Community Trust

Posted on April 25, 2014. Filed under: Running | Tags: , , , , , , , , , , , , , , , |

ring around the rosie

“Trusting.”

Not a question but an imperative. The girl in the middle closes her eyes and tells her team she is ready.

“You can trust us.”

In unison. They are prepared. To bear her weight, right her when she tips too far out of balance.

It’s a risky game for all involved. A frightening prospect particularly for the one in the middle, who must rely on her peers.

And so begin the Girls on the Run lessons in community. I’ve witnessed this lesson half a dozen times over the past several seasons, showing up by chance to observe a team on the day it’s facilitated.

Only I don’t believe in chance.

This time, something about the game strikes me. Why is it that the very first in a series of games to reinforce the concept of community is about trust? There are so many components of community: What we have in common—values, attitudes, interests, demographics, language, geography—and what we don’t. None of that sort of glue requires trust.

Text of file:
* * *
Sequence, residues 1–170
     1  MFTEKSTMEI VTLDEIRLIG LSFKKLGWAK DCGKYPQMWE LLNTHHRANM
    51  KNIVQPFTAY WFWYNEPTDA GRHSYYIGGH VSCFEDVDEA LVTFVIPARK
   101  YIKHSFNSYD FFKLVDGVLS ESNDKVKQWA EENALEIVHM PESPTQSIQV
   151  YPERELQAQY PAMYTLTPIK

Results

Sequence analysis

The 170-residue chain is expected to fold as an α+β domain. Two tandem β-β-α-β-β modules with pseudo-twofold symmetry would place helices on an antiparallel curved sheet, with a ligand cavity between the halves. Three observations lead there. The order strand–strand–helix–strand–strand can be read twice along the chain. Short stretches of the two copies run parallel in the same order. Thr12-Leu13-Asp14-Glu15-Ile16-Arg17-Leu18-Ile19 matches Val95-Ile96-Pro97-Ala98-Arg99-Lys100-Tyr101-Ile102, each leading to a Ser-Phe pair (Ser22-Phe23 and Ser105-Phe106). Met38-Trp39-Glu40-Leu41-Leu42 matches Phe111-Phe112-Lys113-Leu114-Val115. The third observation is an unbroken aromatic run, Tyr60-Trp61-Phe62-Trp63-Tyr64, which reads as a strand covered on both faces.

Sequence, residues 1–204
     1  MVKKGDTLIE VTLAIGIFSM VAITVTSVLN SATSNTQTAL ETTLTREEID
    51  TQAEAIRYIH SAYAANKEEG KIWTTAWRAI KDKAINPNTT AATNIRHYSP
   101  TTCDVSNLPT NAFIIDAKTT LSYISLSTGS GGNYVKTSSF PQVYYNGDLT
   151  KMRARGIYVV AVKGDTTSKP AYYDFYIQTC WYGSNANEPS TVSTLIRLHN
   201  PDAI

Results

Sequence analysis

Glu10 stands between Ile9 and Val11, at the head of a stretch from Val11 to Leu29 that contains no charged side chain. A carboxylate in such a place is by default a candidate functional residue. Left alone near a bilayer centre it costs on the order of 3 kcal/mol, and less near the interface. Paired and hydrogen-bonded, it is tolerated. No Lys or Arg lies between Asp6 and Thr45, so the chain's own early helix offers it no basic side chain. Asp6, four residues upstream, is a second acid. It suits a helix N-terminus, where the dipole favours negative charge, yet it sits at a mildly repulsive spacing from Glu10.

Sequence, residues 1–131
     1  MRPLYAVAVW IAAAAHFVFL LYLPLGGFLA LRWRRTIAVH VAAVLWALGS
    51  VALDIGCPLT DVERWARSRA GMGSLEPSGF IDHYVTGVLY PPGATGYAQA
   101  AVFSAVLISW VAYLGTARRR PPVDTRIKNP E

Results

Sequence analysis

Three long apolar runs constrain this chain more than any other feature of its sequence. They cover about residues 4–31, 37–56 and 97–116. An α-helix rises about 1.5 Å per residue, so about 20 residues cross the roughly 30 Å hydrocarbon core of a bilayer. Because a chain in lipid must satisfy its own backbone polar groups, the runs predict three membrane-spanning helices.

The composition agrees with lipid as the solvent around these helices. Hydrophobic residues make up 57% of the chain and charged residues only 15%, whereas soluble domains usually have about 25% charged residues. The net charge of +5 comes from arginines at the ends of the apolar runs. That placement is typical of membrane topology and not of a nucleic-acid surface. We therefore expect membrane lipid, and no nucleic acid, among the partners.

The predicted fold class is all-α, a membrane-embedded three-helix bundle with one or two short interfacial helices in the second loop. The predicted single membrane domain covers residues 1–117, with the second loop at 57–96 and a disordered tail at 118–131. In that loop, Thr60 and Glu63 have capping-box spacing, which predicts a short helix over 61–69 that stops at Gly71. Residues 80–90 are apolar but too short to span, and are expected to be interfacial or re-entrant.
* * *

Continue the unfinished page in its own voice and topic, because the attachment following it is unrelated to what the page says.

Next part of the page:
Why do we expect these girls to throw their weight on their team, and why do we expect the team to support it? Is it too much to ask?

I sit on a rock in the shade and watch the girls stand vigil, shoulder to shoulder, over the girl in the center, their eyes somber with responsibility. They giggle and squirm but never remove their gaze from the girl who is trusting, and they never lose their footing.

They seem to know instinctively the importance of their role. If they step aside, a gaping hole remains and the girl in the center falls. There is no one to fill their space. Each of them is necessary.

I watch from the sidelines feeling both hollow and filled. Each time I observe a team I am astonished by the wisdom and strength of these young girls, blown away by their mutual encouragement, moved to tears by their interaction with their coaches.

Yet, each time, I walk away feeling alone. Not lonely, but solitary.

I head back to my car mulling over this day’s lesson and the relationship between trust and community. Most of my own involvement in community has been in the outer circle, standing shoulder to shoulder with others. I have yet to spend much time in the middle, as the girl who is trusting.

I chuckle at the realization and my emptiness dissipates. I have witnessed this lesson half a dozen times over the past several seasons. Today I finally get it.

I don’t believe in chance.

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